The content will be drawn from well-known Rogers’ magazine titles including Chatelaine, Flare, Today’s Parent, and MoneySense. The special section will be carried in print and in the ePaper editions of 10 papers, including Vancouver Sun, Calgary Herald, Edmonton Journal, Regina Leader-Post, Saskatoon StarPhoenix, London Free Press, Windsor Star, Ottawa Citizen, Montreal Gazette (starting today) and in the National Post starting September 12.
“We are committed to bringing great content to our readers and this thoughtfully curated section from the lifestyle experts at Rogers fits our readers’ interests in areas including parenting, design, and financial planning,” said Gerry Nott, senior vice president content and senior vice president National Post in a release.

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Thursday, September 07, 2017

Precedent marks its 10th anniversary

Melissa Kluger
There was probably some, or a lot of, scepticism out there when Melissa Kluger launched Precedent magazine, the Toronto-based lifestyle magazine for lawyers. 
Well, it is about the celebrate its 10th anniversary, which is no mean feat. For its fall anniversary issue, senior editor Daniel Fish sat down with Kluger to talk about the magazine's origins. She was working in the law, but has always wanted to be a journalist.
"During those first few years as a lawyer, I started to read the existing crop of legal magazines. None of them spoke to me. On every cover there was an old white man. And, perhaps more importantly, there was nothing in them about how to be a young professional. Something was missing. So I thought, Damn it, I have to start a magazine."
She launched a blog and quit her job as a lawyer and spent the next year planning ( working part-time on doc-review contracts for lawyers to pay the rent.) The magazine started out strong, but almost immediately met several major obstacles: a recession, a competing magazine from Canadian Lawyer, and the move of traditional advertisers to digital. She overcame them all.
DF: "One big thing that has changed at Precedent [over the 10 years] is its mandate. When I joined the magazine, four years ago, this was no longer a magazine exclusively for young lawyers. Why did you make that change?" 
MK: "I worried that once lawyers made partner, they’d put down the magazine and say, ‘That’s it! I’m done with Precedent.’ I didn’t want that to happen. I still want the magazine to skew young. It should promote emerging lawyers who wouldn’t have a place in other magazines, but the stories should appeal to everyone."

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Halifax magazine announces its readers' top 5 craft brewers

In July we reported that Halifax magazine was asking readers to pick their favourite craft breweries. If you're in the Halifax-Dartmouth area anytime soon, here are the five top makers readers chose:
  • 2 Crows Brewing
  • Unfiltered Brewing
  • Good Robot Brewing Company
  • Propeller Brewing Company
  • North Brewing Company
2 Crows received the most votes, though it is the youngest (opened only at the end of January)

No more EIC; Jessica Johnson named as executive editor and creative director of The Walrus

Jessica Johnson
The Walrus Foundation has done away with the title and position of editor-in-chief and has instead named Jessica Johnson to the new combined role of executive editor and creative director of The Walrus magazine.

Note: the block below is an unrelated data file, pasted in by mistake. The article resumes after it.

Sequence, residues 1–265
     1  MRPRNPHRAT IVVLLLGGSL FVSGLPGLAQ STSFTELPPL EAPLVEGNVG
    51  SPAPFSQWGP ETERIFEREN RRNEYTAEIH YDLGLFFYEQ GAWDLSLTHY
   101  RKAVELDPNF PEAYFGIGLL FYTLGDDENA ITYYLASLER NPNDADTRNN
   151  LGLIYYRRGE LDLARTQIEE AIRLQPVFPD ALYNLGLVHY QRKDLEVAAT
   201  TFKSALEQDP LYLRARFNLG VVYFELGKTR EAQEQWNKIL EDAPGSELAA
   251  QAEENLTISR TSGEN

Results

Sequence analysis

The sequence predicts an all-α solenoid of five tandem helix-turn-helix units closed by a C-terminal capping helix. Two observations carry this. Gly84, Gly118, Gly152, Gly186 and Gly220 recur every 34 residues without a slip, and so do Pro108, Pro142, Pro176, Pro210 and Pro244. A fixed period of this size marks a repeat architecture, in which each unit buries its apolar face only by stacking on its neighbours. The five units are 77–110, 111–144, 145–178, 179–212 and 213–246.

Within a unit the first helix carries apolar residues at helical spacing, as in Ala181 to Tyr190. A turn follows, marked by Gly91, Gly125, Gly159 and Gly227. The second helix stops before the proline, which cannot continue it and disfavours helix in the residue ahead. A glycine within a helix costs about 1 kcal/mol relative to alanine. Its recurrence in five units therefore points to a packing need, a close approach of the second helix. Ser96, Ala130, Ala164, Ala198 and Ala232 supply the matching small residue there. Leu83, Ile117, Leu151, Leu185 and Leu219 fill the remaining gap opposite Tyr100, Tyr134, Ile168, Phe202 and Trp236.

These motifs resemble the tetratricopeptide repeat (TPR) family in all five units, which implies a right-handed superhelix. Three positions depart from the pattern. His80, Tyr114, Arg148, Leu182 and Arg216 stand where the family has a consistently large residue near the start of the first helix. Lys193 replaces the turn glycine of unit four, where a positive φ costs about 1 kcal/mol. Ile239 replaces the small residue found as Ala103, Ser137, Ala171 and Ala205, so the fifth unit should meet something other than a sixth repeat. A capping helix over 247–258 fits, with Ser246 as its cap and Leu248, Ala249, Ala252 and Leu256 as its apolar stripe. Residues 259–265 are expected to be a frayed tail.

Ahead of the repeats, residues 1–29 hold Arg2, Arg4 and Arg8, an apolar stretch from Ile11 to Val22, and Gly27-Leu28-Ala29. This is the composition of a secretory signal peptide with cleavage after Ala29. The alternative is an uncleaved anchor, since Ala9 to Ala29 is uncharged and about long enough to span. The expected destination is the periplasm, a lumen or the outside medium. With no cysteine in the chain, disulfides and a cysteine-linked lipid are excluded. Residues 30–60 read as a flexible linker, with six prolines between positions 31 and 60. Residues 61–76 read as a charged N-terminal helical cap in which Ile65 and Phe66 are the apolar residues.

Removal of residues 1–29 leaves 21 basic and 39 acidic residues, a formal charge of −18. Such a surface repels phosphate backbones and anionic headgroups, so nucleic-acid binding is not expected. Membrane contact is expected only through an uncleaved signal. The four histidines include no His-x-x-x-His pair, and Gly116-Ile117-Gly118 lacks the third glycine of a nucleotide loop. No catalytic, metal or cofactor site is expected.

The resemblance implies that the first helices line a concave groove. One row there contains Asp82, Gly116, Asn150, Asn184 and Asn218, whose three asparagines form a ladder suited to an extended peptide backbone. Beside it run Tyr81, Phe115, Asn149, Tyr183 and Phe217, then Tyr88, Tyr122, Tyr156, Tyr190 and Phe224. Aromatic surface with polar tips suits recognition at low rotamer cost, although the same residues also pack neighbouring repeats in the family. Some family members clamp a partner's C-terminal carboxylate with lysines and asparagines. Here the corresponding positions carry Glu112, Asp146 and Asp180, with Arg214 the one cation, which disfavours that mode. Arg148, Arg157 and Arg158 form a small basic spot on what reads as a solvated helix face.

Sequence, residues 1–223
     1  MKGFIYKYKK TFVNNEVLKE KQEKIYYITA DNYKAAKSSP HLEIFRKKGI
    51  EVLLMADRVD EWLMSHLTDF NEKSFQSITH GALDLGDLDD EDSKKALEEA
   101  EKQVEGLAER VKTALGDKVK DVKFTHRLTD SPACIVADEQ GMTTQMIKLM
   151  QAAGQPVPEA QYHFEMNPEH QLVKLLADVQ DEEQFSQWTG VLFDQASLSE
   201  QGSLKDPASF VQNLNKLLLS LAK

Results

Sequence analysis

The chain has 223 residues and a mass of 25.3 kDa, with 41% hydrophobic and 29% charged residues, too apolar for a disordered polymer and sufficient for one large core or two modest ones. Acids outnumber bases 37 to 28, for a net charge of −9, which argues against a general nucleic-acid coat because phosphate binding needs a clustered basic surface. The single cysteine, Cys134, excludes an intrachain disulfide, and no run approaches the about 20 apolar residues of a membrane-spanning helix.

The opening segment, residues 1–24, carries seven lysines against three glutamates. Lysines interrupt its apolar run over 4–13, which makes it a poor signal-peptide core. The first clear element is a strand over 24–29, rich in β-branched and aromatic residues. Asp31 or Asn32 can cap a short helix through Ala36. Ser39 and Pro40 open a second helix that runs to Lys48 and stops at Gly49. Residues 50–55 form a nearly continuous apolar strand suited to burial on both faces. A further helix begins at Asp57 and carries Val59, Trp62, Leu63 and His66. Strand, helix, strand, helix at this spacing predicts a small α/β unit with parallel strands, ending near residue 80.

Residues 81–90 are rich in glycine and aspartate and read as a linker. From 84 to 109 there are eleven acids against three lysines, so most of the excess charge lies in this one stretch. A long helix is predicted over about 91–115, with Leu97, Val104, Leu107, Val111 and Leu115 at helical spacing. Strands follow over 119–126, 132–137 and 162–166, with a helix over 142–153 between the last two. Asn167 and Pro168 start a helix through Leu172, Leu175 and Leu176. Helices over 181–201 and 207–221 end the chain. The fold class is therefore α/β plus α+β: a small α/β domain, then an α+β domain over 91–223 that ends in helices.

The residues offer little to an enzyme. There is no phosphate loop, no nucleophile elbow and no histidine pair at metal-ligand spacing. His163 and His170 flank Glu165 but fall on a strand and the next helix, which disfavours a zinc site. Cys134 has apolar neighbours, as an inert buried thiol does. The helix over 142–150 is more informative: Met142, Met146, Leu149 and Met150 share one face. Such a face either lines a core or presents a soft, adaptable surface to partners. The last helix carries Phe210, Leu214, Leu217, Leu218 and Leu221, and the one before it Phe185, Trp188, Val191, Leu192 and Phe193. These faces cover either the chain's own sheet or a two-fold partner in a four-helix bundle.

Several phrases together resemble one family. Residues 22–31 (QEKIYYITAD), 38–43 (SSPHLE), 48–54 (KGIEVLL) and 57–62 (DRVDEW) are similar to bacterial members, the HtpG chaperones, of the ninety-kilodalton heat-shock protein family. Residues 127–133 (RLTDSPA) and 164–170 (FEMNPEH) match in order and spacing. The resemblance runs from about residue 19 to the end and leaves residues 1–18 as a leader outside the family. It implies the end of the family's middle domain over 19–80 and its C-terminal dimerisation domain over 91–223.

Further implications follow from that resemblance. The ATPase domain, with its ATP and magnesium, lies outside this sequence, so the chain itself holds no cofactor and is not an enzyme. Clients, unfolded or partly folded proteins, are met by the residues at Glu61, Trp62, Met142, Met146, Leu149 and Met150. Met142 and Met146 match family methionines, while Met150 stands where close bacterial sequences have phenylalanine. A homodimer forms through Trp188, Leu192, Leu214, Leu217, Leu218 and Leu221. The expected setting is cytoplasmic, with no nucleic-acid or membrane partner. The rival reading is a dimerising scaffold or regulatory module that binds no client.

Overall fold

Formerly senior editor and creative director, Johnson will oversee art and editorial content on all print and other platforms and will join the senior management team.
“We’ve retired the role of editor-in-chief and have created a new role—executive editor and creative director—to reflect what the organization needs now,” said Shelley Ambrose, executive director of the Walrus Foundation and publisher of The Walrus. “As we approach the 15th anniversary of The Walrus in 2018, we are so lucky to have Jessica—a seasoned editor with eighteen years of broad experience in managing resources and people—already in our midst. Jessica has been and will continue to be a passionate steward for The Walrus brand as a whole while continuing to push this unusual animal in Canadian publishing to try new things, do more, do it better, to spark conversation, to provoke thought, to embrace what is complicated, and to ensure The Walrus remains best in class on all platforms.”
In May, Jonathan Kay resigned as editor-in-chief, a position he had held since October 2014, when he was appointed to succeed John Macfarlane.

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Thursday, August 31, 2017

Zoomer Media buys controlling interest in On The Bay magazine

Zoomer Media Limited has bought a controlling interest in On The Bay magazine for $643,000 in cash. The transaction was announced Thursday in a release. 

On The Bay is a regional lifestyle quarterly based in Collingwood and serving some 20 communities in southern Georgian Bay; it states it has 50,000 readers and serves 300 advertisers.

On The Bay founder Jeff Shearer will continue as publisher of the magazine and, in addition, take over as general manager of Zoomer Media's radio station CFMO-FM – The New Classical 102.9FM out of Collingwood, the only all-classical radio station in the region, reaching listeners throughout Southern Georgian Bay, including Barrie, Owen Sound, Midland, Orillia, and much of central Ontario.